Borneol is not extremely common in cannabis. Strains of cannabis offering more significant amounts of this terpene include Hazes and K-13.

The Details of Borneol

This terpene offers many health benefits, including improved digestion (via the stimulation of gastric juices) and better blood circulation. It also effectively treats bronchial symptoms to improve lung function and ease breathing (helpful for sufferers of bronchitis and asthma). Like many of its sibling terpenes, it has been found to reduce anxiety.

Borneol also assists in the healing of wounds. Historically, it has been incorporated into topical treatments for such applications, including the treatment of hemorrhoids. Combined with other terpenes that convey sedative qualities — such as myrcene and linalool — the terpene can effectively combat insomnia. It is also antibacterial and antiseptic.

Borneol exemplifies the dynamics of the entourage effect, a theory that cannabinoids and terpenes work together, synergistically, to offer particular therapeutic and medicinal benefits to humans via supplementation of the mammalian endocannabinoid system (ECS). Borneol amplifies the permeability of the blood/brain barrier, allowing other molecules and compounds to more efficiently bind with specialized receptors in the brain and central nervous system.

When isolated, it can act as an irritant to eyes, skin, and the respiratory system. As a good demonstration of the impact of accurate and strategic titration (dosing), at large doses, it is extremely toxic and harmful if swallowed. A “probable lethal dose” is 50-500 mg/kg of body weight, which equates to between only a teaspoon and an ounce for a 150-pound human.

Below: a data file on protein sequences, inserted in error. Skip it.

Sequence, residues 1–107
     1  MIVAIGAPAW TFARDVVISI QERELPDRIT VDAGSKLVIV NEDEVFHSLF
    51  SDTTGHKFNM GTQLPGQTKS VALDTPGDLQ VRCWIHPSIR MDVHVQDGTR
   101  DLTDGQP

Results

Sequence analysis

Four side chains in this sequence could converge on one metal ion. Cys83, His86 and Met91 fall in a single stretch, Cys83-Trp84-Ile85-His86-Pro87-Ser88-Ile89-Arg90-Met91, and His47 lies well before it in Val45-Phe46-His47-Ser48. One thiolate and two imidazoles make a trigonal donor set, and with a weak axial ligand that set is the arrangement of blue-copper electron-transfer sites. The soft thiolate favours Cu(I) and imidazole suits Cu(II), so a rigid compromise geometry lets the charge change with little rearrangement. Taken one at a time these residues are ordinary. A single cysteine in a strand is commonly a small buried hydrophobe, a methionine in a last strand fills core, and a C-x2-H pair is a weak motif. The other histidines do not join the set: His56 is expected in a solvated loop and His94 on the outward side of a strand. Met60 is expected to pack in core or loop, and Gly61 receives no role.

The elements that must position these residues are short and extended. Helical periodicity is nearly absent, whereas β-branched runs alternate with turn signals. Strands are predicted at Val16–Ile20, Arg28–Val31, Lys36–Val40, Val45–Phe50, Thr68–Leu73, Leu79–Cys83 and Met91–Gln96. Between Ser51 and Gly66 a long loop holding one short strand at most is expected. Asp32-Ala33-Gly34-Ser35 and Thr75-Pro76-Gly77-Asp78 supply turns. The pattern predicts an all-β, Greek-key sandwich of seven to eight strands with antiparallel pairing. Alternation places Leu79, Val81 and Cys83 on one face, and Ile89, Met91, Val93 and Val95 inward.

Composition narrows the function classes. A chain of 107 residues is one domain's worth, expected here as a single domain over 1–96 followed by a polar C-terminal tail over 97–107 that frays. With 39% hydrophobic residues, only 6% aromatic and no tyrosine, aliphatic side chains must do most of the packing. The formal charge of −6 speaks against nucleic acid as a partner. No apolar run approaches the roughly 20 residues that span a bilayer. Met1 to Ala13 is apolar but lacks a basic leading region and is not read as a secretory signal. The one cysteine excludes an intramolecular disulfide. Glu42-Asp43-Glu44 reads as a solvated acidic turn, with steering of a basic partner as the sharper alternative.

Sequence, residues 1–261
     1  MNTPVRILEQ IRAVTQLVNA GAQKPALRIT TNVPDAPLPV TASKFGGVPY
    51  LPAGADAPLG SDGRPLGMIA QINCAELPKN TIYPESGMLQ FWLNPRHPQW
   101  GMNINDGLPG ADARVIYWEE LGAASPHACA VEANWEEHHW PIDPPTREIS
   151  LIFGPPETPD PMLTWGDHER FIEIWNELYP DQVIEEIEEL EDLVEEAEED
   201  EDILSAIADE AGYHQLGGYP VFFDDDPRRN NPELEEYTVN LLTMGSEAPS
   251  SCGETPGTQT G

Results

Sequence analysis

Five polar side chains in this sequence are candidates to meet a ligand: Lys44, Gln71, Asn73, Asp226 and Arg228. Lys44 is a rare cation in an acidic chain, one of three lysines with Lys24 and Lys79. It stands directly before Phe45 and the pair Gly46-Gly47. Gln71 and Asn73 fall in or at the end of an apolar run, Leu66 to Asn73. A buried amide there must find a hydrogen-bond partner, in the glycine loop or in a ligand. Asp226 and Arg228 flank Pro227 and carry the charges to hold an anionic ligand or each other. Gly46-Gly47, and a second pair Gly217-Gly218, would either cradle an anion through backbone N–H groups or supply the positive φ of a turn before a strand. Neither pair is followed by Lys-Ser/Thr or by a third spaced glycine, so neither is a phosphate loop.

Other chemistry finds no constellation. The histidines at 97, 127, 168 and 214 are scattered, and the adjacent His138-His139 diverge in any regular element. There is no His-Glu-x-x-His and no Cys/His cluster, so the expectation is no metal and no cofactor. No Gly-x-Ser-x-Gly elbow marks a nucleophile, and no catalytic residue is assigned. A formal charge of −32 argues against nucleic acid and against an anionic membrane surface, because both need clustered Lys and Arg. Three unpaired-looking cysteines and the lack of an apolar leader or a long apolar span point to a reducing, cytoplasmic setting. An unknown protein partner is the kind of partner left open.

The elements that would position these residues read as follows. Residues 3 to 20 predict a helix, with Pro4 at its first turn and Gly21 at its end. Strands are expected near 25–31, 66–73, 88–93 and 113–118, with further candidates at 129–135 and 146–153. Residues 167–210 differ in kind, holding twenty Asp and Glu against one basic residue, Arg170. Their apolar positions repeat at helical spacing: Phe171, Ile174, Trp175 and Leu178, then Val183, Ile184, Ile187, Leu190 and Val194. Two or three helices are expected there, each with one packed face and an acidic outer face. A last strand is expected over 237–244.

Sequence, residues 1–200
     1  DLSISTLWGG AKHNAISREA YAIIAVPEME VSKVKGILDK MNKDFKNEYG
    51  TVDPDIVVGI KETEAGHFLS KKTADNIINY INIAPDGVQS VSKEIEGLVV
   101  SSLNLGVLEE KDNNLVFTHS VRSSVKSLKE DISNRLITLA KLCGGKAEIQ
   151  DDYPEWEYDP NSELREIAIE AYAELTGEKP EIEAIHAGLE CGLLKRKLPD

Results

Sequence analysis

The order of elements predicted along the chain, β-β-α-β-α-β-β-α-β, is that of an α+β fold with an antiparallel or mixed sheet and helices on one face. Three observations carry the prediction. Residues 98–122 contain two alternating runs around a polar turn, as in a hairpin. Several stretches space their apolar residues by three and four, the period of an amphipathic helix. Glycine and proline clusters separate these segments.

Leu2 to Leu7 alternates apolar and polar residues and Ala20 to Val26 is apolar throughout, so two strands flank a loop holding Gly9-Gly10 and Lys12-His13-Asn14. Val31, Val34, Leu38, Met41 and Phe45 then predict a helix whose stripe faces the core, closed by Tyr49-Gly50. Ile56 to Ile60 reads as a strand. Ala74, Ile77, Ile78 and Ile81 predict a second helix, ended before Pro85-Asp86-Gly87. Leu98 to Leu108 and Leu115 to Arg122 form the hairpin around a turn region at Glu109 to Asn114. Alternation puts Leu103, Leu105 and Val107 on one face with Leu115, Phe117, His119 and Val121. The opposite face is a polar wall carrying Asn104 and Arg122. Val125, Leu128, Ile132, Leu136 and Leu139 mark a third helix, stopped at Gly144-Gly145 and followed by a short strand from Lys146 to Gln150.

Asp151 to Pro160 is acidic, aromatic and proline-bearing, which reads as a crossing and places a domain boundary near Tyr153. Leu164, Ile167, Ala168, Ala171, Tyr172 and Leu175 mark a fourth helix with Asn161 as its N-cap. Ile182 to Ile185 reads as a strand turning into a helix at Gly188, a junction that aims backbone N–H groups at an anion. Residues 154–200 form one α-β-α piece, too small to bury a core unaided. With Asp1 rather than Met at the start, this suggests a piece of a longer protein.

The Research

Multiple studies have demonstrated the wide-ranging medicinal efficacy of the terpene, including its pronounced role as an anti-inflammatory, bronchodilator, and cancer killer.

A 2017 study entitled “Terpenes from Forests and Human Health” and published in the journal Toxicological Research investigated how borneol reduced inflammation of the lungs. Concluded the researchers, “Borneol alleviated acute lung inflammation by reducing inflammatory infiltration, histopathological changes, and cytokine production.”

A 2013 study published in the journal PLOS ONE and entitled “Natural Borneol, a Monoterpenoid Compound, Potentiates Selenocystine-induced Apoptosis in Human Hepatocellular Carcinoma Cells” revealed the anti-cancer properties of this terpene.

The study’s researchers concluded, “Borneol effectively synergized with SeC to reduce cancer cell growth through the triggering apoptotic cell death. These results reveal that borneol strongly potentiates SeC-induced apoptosis in cancer cells by enhancement of cellular uptake. Borneol could be further developed as a chemosensitizer of SeC in treatment of human cancers.”

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Wizard Stones: The Magic of Making Cannabis Diamonds

Aaron Palmer and Graham Jennings, founders of Oleum Extracts in Washington State, talk about Wizard Stones, their THCA isolate product.

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Wizard Stones
PHOTO | Oleum Extracts

Heat, pressure, and time. The three components required to form a diamond from carbon. But what about diamonds made from cannabis? The founders of Oleum Extracts, Aaron Palmer and Graham Jennings both agree that a good diamond product ultimately comes down to the flavor provided by its terpene fraction.